The way Washington works—in fact, the way everything works—is that people socialize; they develop relationships; and they often try to leverage those relationships to call in favors. We have laws and institutions to try to put boundaries on this kind of thing, but it's still ubiquitous. This is just the way homo sapiens is wired.
So now we have some more emails related to Hillary Clinton, and what have we learned? The crown prince of Bahrain wanted to meet with the Secretary of State, and in addition to making a request through normal channels he also talked to someone at the Clinton Foundation, who then called Huma Abedin. The meeting took place, which is entirely unexceptional since meeting with people like this is the Secretary of State's job. There's no indication that the extra push by the Foundation had any particular effect.
Another time, someone at the Foundation called Abedin to see if she could expedite a visa. She said this made her nervous, and the Foundation guy backed off.
On another occasion, a lobbyist who had formerly been a Democratic staffer asked for a meeting with her client, a coal company executive. Abedin blew her off.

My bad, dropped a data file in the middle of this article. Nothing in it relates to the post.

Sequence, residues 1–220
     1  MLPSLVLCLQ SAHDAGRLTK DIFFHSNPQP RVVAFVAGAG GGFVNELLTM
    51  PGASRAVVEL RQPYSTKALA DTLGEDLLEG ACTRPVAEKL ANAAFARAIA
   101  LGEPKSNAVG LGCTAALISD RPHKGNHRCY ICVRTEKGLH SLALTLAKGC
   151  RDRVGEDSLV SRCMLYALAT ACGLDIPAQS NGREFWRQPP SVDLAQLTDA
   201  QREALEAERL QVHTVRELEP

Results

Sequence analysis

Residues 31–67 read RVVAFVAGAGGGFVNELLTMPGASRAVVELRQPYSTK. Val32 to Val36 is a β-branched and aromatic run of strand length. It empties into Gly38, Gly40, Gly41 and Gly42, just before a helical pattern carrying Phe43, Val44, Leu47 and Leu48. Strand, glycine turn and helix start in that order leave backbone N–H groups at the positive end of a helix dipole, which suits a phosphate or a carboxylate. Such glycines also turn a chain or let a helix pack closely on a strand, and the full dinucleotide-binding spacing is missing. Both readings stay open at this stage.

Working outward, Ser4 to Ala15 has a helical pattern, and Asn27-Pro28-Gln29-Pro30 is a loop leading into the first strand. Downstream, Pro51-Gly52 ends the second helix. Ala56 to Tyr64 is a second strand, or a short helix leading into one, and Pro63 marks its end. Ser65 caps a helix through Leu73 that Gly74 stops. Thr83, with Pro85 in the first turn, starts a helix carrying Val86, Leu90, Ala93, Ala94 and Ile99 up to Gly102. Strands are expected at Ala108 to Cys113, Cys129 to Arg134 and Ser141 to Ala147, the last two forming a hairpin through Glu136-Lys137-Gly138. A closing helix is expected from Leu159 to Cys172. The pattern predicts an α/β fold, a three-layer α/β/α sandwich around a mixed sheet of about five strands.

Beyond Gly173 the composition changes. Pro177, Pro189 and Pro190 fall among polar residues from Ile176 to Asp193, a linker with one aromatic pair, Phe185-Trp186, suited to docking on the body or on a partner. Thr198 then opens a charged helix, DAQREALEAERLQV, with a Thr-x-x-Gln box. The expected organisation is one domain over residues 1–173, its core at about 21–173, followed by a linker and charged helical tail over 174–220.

We might yet find a smoking gun in all these emails. But so far, the trend is clear: lots of people talked to Huma Abedin to try to set up meetings with Hillary Clinton. Generally speaking, Abedin treated them politely but told them to get lost. That's about it.
If some of these efforts had succeeded, that would hardly be noteworthy. It's the kind of thing that happens all the time. What's really noteworthy about the most recent email releases is that they demonstrate a surprisingly high level of integrity from Hillary Clinton's shop at Foggy Bottom. Huma Abedin was tasked with running interference on favor seekers, and she seems to have done exactly that. There's no evidence at all that being a donor to the Clinton Foundation helped anyone out.
So tell me again what the issue is here?